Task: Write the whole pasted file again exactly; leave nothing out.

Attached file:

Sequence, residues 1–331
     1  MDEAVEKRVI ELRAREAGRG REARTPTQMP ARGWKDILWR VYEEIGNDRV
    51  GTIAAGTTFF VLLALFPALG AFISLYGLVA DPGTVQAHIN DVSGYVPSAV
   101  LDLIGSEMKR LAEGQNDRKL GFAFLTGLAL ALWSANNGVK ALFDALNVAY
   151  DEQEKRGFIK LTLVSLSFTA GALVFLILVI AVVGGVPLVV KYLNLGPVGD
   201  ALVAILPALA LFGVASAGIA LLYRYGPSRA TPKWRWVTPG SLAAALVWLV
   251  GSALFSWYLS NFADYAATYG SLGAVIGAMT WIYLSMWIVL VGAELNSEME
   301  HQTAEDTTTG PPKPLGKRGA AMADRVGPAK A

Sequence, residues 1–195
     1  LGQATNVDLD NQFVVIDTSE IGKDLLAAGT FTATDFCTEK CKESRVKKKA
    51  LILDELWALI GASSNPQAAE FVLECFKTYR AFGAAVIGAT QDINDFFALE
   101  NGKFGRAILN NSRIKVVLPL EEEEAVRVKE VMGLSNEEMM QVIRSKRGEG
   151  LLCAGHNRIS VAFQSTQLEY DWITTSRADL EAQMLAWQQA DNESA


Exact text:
Sequence, residues 1–331
     1  MDEAVEKRVI ELRAREAGRG REARTPTQMP ARGWKDILWR VYEEIGNDRV
    51  GTIAAGTTFF VLLALFPALG AFISLYGLVA DPGTVQAHIN DVSGYVPSAV
   101  LDLIGSEMKR LAEGQNDRKL GFAFLTGLAL ALWSANNGVK ALFDALNVAY
   151  DEQEKRGFIK LTLVSLSFTA GALVFLILVI AVVGGVPLVV KYLNLGPVGD
   201  ALVAILPALA LFGVASAGIA LLYRYGPSRA TPKWRWVTPG SLAAALVWLV
   251  GSALFSWYLS NFADYAATYG SLGAVIGAMT WIYLSMWIVL VGAELNSEME
   301  HQTAEDTTTG PPKPLGKRGA AMADRVGPAK A

Sequence, residues 1–195
     1  LGQATNVDLD NQFVVIDTSE IGKDLLAAGT FTATDFCTEK CKESRVKKKA
    51  LILDELWALI GASSNPQAAE FVLECFKTYR AFGAAVIGAT QDINDFFALE
   101  NGKFGRAILN NSRIKVVLPL EEEEAVRVKE VMGLSNEEMM QVIRSKRGEG
   151  LLCAGHNRIS VAFQSTQLEY DWITTSRADL EAQMLAWQQA DNESA